Source: MSCI, Ninety One, Morningstar. As of 31 March 2022. Sustainability score and rank within Global Equity Large Cap category.

Investing for a better tomorrow

The introduction of the SFDR resonates with Ninety One, where our purpose is simple; ‘Investing for a better tomorrow’. On behalf of our clients, we invest sustainably in four ways:

  1. All our investment strategies incorporate ESG factors as we believe that ESG investing should enhance long-term performance;
  2. As an active investor, we engage with portfolio companies and governments to encourage them to address sustainability and improve their ESG performance;
  3. We offer dedicated investments targeting opportunities arising from the world’s transition to a more sustainable model; and
  4. Our solutions include investments that have a positive impact.

By investing sustainably, we aim to help people lead better lives in a better world. The introduction of the SFDR allows us to share within a consistent framework how this ambition is built into our funds and help investors and advisors better understand our funds that encompass environmental and social characteristics and / or have a sustainable investment objective.

Annexure A
ESG Integration

The ESG risks and opportunities of all investments are considered alongside traditional financial analysis. Active ownership is conducted through engagement and proxy voting.

Investments in companies involved in the manufacture or production of controversial weapons are not permitted. Principle adverse impacts are considered within the investment process.

Enhanced Integrated

In addition to adopting ESG integration, supplementary approaches are implemented to further reduce ESG risk:

  • Exclusion of controversial sectors/activities
  • Positive tilting relative to investable universe e.g., higher ESG scorers, lower carbon intensity
  • Climate assessment using industry recognised net zero alignment frameworks
  • All investments must demonstrate good governance practices

Principle adverse impacts are considered within the investment process.

Sustainable

In addition to adopting ESG integration, supplementary approaches are implemented to further reduce ESG risk and maximise ESG opportunities as viewed through an externalities – positive or negative impact on society and/or the environment – framework:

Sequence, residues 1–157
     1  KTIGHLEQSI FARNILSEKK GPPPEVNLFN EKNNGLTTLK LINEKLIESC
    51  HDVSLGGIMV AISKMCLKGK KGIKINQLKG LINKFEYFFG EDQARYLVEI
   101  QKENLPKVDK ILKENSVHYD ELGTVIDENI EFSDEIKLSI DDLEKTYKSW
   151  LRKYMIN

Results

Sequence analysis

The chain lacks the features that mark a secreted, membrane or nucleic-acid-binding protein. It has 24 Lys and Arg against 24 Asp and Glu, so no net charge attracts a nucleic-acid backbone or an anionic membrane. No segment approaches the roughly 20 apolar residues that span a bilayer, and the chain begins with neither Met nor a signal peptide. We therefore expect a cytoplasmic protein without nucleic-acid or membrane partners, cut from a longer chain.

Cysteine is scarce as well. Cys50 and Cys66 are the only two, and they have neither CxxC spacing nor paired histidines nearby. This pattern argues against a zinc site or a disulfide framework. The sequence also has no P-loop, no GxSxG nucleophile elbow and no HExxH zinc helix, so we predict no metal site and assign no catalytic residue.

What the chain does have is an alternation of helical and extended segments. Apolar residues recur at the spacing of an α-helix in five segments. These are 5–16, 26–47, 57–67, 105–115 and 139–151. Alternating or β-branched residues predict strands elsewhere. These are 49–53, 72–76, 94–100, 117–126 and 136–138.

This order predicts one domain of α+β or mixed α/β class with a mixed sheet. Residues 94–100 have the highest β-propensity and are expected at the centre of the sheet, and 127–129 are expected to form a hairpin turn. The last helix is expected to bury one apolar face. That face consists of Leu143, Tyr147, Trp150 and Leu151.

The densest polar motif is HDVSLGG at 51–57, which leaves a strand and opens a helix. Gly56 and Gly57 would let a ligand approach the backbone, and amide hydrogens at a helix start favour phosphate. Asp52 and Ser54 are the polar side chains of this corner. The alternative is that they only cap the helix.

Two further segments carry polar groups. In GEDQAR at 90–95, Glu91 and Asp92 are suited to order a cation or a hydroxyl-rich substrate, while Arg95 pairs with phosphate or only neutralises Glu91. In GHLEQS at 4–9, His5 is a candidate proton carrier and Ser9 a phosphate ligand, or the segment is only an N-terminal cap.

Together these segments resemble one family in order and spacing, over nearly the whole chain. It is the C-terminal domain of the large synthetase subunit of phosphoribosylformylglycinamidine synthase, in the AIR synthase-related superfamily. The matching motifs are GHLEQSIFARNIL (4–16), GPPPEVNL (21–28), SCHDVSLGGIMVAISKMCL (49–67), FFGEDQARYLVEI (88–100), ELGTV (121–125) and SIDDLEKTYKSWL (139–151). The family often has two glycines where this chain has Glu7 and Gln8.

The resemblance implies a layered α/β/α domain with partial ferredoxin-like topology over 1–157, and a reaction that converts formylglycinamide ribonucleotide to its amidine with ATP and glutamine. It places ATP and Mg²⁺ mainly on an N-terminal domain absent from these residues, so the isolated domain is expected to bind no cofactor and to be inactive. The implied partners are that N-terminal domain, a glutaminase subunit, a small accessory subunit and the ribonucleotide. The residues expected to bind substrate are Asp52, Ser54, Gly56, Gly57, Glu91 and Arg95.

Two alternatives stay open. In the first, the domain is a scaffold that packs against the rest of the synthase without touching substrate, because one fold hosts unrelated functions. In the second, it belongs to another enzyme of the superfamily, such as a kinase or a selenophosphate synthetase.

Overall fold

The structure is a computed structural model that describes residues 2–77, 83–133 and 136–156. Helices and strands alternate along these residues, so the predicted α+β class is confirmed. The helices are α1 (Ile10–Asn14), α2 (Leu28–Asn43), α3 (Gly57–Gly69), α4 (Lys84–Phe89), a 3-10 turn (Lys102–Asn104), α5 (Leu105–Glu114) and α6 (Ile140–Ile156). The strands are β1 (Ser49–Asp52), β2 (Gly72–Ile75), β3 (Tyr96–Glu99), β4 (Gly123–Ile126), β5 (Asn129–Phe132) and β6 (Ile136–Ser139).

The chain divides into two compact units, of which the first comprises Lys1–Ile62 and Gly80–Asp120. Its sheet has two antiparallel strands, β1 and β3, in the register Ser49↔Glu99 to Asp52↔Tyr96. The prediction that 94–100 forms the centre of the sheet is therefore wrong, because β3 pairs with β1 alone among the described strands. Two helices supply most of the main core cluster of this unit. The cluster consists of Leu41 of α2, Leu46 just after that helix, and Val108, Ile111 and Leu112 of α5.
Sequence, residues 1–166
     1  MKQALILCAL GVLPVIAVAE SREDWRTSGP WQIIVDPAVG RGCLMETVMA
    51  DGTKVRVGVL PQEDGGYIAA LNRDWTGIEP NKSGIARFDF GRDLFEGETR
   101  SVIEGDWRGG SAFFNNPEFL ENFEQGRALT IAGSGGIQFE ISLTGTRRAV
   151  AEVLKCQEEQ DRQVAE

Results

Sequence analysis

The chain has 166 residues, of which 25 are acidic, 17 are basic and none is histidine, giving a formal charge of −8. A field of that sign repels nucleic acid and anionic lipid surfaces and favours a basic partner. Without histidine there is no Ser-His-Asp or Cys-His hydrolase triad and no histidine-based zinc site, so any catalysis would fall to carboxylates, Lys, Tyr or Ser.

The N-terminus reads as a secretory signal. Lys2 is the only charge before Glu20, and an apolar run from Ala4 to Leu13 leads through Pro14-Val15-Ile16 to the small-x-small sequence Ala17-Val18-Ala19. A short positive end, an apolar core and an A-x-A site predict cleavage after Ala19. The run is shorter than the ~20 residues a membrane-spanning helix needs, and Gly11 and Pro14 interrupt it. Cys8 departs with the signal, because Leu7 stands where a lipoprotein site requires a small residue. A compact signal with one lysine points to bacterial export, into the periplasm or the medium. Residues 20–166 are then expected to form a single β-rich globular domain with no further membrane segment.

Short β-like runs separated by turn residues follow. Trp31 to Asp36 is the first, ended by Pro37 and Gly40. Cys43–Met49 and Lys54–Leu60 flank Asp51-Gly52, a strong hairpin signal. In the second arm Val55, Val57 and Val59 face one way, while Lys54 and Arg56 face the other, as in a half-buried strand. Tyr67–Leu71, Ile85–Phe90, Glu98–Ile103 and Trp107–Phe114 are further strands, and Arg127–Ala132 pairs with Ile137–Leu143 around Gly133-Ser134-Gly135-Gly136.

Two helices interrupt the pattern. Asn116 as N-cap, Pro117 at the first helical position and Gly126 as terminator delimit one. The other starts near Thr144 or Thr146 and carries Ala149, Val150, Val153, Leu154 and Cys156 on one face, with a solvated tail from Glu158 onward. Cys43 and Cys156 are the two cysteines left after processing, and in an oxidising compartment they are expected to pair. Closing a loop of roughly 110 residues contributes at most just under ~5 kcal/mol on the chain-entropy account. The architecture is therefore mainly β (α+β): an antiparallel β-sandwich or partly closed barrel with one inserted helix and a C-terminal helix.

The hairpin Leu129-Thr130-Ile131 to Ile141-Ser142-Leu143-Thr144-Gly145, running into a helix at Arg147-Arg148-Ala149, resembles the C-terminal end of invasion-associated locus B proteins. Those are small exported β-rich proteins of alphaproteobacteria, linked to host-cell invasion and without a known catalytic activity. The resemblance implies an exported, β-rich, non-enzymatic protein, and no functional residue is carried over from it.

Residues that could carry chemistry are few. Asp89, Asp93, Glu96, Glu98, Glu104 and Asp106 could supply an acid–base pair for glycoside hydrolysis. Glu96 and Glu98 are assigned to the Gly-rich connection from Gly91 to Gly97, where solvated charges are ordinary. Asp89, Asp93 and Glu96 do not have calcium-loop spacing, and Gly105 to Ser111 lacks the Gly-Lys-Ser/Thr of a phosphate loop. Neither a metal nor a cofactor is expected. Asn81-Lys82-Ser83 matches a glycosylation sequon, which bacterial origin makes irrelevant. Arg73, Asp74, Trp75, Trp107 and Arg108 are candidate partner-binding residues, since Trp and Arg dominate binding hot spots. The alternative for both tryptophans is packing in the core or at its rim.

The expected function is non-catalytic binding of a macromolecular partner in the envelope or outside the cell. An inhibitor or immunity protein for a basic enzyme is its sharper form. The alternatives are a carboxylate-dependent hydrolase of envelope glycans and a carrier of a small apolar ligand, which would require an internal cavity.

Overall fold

• Exclusion of sectors/activities with the greatest negative externalities
  • Positive inclusion approach which identifies investments that should benefit the most from the transition to a more sustainable global economy e.g., those with greatest positive externalities
  • Climate commitment to achieve net zero emissions across all investments by 2050
  • All investments must demonstrate good governance practices

Principle adverse impacts are considered within the investment process.

Impact

In addition to adopting ESG integration, supplementary approaches are implemented to further reduce ESG risk and maximise ESG opportunities as viewed through an externalities – positive or negative impact on society and/or the environment – framework:

  • Exclusion of sectors/activities with the greatest negative externalities
  • Positive inclusion approach which identifies investments in financing solutions to environmental and/or societal challenges e.g., environmental companies enabling the energy transition
  • Climate commitment to achieve net zero emissions across all investments by 2050
  • All investments must demonstrate good governance practices

Principle adverse impacts are considered within the investment process.